Permeability and Water Flow in Soils and Sediments

Hilal, Eman Mohammad Ali (1989) Permeability and Water Flow in Soils and Sediments. MSc(R) thesis, University of Glasgow.

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SECTION I Permeability and its measurements. (1) Permeability is defined as the property of a soil which allows the seepage of fluids through its interconnected void spaces. (2) The flow of water through soils is assumed to follow Darcy's law: Q/t = kA H/L where, k = the coefficient of permeability Q = the quantity of water flowing through the soil in time t L = the height of the soil sample A = the area of the cross-section through which the water flows H = the constant head of water (hydraulic head) operating over the height of the soil. (3) Laboratory measurements. The two most common laboratory methods for determining the coefficient of permeability of soils are the following: i) Constant head permeameter. In the constant head test the level of the water is kept constant by addition of water, ii) Variable head permeameter. In this test the level of the water does not remain constant because no water is added to the cylinder containing the sediment. (4) Field measurements. Soil permeability in the field can be measured when the water table is present and when its absent. 4.1 Water table present. Several methods are presently available for the determination of the coefficient of permeability in the field when the water table is present. In my thesis I discussed some of these methods, which are as follows: 4.1.1 Auger hole methods. 4.1.2 Well and pumping method. The determination of the coefficient of permeability is made when water flows through a surface area of 2nrH and when it flows through 2nd. 4.3.1 Multi-layer method. 4.2 Water table absent. Several methods are also available for the determination of the coefficient of permeability in the field when the water table is absent. Some of these methods are as follows: 4.2.1 Particle size method. 4.2.2 Shallow water pumping test. 4.2.4 Pond-Infiltration test. This test, which is an infiltration test over a large area, has been recommended and put into practice to avoid the problem of soil compression which is inherent in core samples. SECTION II Sediment properties influencing permeability. Permeability depends on the characteristics of the soil which are as follows: 1 Particle size. An increase in grain size results an increase in permeability. Two methods for determining the particle size parameters are outlined (I) Graphical analysis. (II) Algebraic analysis. 2 Particle shape. The coefficient of permeability decreases with increasing uniformity of the pore spaces. The effect of particle shape on porosity is discussed using Fraser's experiment. 3 Packing. Permeability is dependent on the packing arrangement, because the tighter the packing density of particles in the soil or sediment the lower its effective porosity and hence the lower its permeability. 4 Void ratio. The void ratio of soils and sediments has an important effect on permeability. When the volume of voids decreases, the permeability also decreases. 5 Composition. Soil composition is of limited importance in the permeability of some soil types such as silts, sands and gravels, but it is of major importance in clays. 6 Fabric. Fabric is one of the most important sediment properties influencing permeability, especially in finegrained soils. Soil samples which are in a flocculated state will have a higher permeability, while the ones in a more dispersed state will have a lower permeability. 7 Degree of saturation. The higher the degree of saturation, the higher the permeability. The relationship between degree of saturation, void ratio and water content have been algebraically solved and illustrated. 8 Biological effects. I have quoted some examples of these effects, such as the effects of intertidal burrowing invertebrates and micro-organisms. SECTION III Soil physics. 1 Water potential. Water is held in the soil against gravitational forces draining water out, or against evaporation of water from the surface of the soil. The energy with which water is held in a soil at any water content is called the water potential. Water flows from where the potential energy is high to where it is low. It moves constantly in the direction of decreasing potential energy. Water potential consists of pressure potential, solute potential and matric potential. The sum of the gravitational potential and the water potential gives the total water potential. 2 Steady state flow in horizontal and vertical direction. In steady state flow, flow characteristics do not change with time, although they may change with location. The rate of flow will depend on the rate of decrease of potential energy in a horizontal and vertical direction. (Abstract shortened by ProQuest.).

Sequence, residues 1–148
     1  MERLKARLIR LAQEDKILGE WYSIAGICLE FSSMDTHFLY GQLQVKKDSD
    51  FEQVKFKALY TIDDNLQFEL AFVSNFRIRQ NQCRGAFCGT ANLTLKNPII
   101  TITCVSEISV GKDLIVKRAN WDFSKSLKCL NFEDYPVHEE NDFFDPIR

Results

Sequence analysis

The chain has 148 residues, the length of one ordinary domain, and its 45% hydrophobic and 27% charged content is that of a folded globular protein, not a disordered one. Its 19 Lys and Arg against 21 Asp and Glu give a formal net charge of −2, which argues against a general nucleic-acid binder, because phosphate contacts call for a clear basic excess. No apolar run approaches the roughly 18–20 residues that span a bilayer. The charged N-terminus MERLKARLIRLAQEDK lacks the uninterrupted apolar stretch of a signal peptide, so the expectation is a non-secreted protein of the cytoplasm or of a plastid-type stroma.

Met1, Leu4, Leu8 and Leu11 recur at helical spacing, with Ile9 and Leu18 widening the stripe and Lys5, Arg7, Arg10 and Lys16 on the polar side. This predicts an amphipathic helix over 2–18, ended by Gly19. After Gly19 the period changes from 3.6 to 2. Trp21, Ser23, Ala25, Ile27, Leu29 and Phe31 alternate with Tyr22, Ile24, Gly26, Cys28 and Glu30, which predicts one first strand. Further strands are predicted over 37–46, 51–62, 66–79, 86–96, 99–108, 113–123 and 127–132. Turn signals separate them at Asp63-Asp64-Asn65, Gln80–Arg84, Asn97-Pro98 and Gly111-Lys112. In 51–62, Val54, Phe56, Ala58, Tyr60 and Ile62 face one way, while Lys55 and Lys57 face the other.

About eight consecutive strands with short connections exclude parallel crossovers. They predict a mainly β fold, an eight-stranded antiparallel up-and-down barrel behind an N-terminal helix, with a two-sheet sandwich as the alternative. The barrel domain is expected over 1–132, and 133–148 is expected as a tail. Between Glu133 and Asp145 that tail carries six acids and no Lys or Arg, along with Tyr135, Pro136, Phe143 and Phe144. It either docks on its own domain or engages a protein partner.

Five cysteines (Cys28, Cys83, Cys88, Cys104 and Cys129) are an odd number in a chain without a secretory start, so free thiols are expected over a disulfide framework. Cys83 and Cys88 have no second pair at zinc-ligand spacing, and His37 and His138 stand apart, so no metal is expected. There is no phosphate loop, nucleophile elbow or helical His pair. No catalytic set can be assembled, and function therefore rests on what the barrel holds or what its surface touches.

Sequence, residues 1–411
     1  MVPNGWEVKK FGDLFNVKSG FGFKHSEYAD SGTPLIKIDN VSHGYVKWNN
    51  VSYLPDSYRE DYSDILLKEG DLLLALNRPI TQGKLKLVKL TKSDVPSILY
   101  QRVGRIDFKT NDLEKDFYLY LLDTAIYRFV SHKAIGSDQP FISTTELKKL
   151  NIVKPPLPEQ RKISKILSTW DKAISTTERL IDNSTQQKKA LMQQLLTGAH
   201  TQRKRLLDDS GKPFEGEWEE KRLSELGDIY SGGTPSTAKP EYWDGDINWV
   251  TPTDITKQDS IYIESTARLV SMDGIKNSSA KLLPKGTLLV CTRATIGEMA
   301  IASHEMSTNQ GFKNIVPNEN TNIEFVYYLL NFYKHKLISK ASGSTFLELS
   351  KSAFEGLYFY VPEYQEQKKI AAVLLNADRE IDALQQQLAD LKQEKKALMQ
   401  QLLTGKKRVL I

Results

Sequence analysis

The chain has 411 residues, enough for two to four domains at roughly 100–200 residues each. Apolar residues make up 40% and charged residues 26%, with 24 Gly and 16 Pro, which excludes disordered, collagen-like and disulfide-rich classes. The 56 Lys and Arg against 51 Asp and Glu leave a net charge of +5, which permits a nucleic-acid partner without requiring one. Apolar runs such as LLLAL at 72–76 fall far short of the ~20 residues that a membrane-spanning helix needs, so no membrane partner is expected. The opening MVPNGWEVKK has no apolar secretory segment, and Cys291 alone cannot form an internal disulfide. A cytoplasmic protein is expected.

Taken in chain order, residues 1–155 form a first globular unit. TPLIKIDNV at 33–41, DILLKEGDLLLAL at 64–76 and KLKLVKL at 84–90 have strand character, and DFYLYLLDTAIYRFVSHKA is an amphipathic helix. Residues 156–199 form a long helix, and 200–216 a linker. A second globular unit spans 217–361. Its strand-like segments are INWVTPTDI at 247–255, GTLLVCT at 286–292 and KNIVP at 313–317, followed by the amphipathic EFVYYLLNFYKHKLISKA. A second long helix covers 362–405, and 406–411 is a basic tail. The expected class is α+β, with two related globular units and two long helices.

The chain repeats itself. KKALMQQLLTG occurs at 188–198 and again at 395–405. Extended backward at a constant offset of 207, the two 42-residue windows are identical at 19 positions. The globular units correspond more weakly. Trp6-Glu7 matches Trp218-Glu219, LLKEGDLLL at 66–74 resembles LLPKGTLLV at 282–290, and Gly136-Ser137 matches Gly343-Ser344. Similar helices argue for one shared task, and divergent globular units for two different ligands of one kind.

Item Type: Thesis (MSc(R))
Qualification Level: Masters
Keywords: Hydrologic sciences, Soil sciences
Date of Award: 1989
Depositing User: Enlighten Team
Unique ID: glathesis:1989-77918
Copyright: Copyright of this thesis is held by the author.
Date Deposited: 28 Feb 2020 12:09
Last Modified: 28 Feb 2020 12:09

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